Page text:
BlackBerry: No, we’re not leaving the handset market

BlackBerry: No, we’re not leaving the handset market
written by Hayley Tsukayama

Obama checks his BlackBerry. (Jae C. Hong - ASSOCIATED PRESS)

President Obama checks his BlackBerry. (Jae C. Hong /Asscociated Press)

BlackBerry is looking at a lot of options for its future. But there’s one thing that chief executive John Chen wants to make absolutely clear: BlackBerry’s future will contain smartphones.

For the foreseeable future,  at least.

The company published an official blog post Thursday affirming BlackBerry’s commitment to the smartphone and devices market, saying that he has “no intention of selling off or abandoning this business any time soon.”

The declaration comes just a day after a Reuters article indicated Chen would consider leaving the handset business if it continued to be unprofitable. In the article, Chen said that he “will not be in the handset business” if he can’t make money in it. But in an official follow-up post from the company, Chen explained to BlackBerry customers who might worry that their phones are on the verge of losing official support that his comments were taken out of context.

“I know you still love your BlackBerry devices. I love them too and I know they created the foundation of this company,” he said, addressing BlackBerry’s fiercely loyal, but shrinking, base of customers. ”Our focus today is on finding a way to make this business profitable.”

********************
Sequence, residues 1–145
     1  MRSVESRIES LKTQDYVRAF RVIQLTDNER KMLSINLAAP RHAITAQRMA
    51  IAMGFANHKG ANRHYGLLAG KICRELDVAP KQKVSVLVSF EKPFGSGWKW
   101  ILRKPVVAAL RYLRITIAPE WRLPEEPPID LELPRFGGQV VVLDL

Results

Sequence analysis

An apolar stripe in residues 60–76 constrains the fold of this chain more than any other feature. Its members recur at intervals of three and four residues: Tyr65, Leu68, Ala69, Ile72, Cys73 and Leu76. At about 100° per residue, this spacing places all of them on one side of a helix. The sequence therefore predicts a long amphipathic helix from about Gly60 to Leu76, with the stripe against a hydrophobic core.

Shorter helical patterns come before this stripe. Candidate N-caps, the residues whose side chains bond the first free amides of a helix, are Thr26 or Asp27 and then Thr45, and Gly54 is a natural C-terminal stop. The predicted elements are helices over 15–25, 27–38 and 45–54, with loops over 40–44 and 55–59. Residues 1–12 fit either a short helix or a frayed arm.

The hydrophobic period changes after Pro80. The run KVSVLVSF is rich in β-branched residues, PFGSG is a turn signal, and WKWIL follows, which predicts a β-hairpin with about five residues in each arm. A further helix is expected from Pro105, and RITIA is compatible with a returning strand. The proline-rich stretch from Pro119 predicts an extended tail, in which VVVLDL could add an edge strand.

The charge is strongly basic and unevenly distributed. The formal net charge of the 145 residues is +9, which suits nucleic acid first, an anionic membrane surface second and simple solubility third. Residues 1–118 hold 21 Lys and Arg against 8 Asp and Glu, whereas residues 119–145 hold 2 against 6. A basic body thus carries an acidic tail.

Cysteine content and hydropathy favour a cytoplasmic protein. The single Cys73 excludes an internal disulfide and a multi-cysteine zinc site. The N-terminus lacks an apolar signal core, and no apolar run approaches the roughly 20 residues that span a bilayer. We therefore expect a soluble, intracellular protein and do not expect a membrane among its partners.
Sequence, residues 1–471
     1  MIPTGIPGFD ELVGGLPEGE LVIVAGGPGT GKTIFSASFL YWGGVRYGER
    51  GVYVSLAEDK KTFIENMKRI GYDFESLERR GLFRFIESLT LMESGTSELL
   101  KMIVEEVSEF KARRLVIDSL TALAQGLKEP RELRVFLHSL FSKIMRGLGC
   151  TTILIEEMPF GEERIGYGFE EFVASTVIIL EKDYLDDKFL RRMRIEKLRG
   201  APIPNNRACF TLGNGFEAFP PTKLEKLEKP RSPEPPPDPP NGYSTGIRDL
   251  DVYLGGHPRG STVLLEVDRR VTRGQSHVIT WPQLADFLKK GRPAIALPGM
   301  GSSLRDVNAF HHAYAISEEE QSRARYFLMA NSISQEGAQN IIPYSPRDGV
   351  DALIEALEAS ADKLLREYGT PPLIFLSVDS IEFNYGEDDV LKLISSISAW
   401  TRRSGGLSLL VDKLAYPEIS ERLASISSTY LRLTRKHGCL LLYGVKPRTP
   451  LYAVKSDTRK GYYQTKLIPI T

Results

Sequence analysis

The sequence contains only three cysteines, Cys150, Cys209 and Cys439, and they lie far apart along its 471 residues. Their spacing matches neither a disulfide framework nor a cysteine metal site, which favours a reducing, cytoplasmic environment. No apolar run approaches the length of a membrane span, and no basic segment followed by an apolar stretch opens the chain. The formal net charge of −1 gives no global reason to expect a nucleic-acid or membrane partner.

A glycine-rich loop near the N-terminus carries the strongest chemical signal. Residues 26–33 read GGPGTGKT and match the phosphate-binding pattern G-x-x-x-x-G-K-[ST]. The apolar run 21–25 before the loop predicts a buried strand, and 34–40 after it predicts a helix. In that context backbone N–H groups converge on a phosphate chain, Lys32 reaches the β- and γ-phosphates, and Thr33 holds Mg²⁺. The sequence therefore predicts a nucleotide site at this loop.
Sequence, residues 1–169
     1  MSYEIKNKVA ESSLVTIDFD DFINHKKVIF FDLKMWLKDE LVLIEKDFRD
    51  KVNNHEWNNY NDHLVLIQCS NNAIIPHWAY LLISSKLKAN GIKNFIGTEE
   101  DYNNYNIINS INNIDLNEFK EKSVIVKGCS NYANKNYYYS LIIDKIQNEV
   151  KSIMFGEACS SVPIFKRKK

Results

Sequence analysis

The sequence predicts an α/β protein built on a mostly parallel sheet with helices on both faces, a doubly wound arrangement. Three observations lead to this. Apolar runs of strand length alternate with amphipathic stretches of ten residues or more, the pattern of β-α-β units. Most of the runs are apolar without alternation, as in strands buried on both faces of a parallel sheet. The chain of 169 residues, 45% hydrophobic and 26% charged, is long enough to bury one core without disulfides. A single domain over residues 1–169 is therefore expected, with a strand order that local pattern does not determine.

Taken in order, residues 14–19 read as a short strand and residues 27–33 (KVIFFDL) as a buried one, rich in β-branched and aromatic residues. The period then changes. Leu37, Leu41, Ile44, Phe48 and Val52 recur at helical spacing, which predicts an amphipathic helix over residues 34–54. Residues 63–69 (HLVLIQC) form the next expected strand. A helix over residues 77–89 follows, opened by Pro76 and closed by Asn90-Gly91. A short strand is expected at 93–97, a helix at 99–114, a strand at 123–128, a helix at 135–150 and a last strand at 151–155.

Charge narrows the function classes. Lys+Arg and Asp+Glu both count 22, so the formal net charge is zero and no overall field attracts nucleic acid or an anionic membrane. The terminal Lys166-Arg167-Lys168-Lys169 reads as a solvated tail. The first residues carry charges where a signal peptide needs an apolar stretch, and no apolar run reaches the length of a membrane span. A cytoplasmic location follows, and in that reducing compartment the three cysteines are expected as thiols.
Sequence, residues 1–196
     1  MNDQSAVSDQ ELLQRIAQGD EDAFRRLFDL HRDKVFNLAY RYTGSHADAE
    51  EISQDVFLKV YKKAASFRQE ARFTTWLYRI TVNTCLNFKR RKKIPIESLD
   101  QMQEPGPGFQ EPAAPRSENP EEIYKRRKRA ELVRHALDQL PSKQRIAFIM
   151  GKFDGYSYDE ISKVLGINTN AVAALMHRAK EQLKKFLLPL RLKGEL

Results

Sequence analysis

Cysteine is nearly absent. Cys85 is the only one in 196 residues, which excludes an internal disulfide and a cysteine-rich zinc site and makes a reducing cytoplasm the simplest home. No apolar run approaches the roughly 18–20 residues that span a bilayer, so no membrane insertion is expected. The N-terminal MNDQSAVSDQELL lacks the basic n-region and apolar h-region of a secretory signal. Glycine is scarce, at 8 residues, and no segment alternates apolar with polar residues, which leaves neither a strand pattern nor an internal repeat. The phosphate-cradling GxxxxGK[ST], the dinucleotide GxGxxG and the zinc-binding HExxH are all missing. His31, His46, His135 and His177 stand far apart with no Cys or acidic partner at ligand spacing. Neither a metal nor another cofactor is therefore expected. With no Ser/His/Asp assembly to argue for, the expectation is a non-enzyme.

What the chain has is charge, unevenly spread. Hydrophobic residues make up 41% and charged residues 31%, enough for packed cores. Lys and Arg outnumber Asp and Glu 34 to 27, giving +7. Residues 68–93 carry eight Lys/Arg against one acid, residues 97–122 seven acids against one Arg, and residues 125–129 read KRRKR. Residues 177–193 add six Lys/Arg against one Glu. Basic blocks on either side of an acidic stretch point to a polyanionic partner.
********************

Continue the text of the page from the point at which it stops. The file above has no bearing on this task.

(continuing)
He did, however, make clear that BlackBerry is looking to complement its handset business with other revenue streams, such as its business software products. In recent years, BlackBerry has liberated both its BlackBerry Messenger communications platform and its security device management systems from its own hardware and begun offering them on competitors’ devices.

Chen has the unenviable job of turning the struggling Canadian smartphone firm around, after a big bet by previous CEO Thorsten Heins to relaunch the brand by offering more modern smartphones failed to pay off.

Thanks to a reputation as turnaround architect,  Chen was named as Heins’s successor in November. Thus far, he has been focused on stemming losses and cutting costs. And he’s had some effect: In its last earnings report, BlackBerry investors cheered the firm’s smaller-than-expected loss of $423 million. Revenue, however, dipped below $1 billion for the first time since 2007.

Chen has scaled back BlackBerry’s device business and even stopped some of its own smartphone production, striking a deal with electronics manufacturer Foxconn to produce low-cost phones for customers in overseas markets such as India, Southeast Asia and Latin America.

But it’s clear from Chen’s most recent comments that BlackBerry is eager to show that it’s not about to leave its core business and its government users, such as President Obama, in the lurch.

“Rest assured, we continue to fight. We have not given up and we are not leaving the Devices business,” Chen said.





The Switch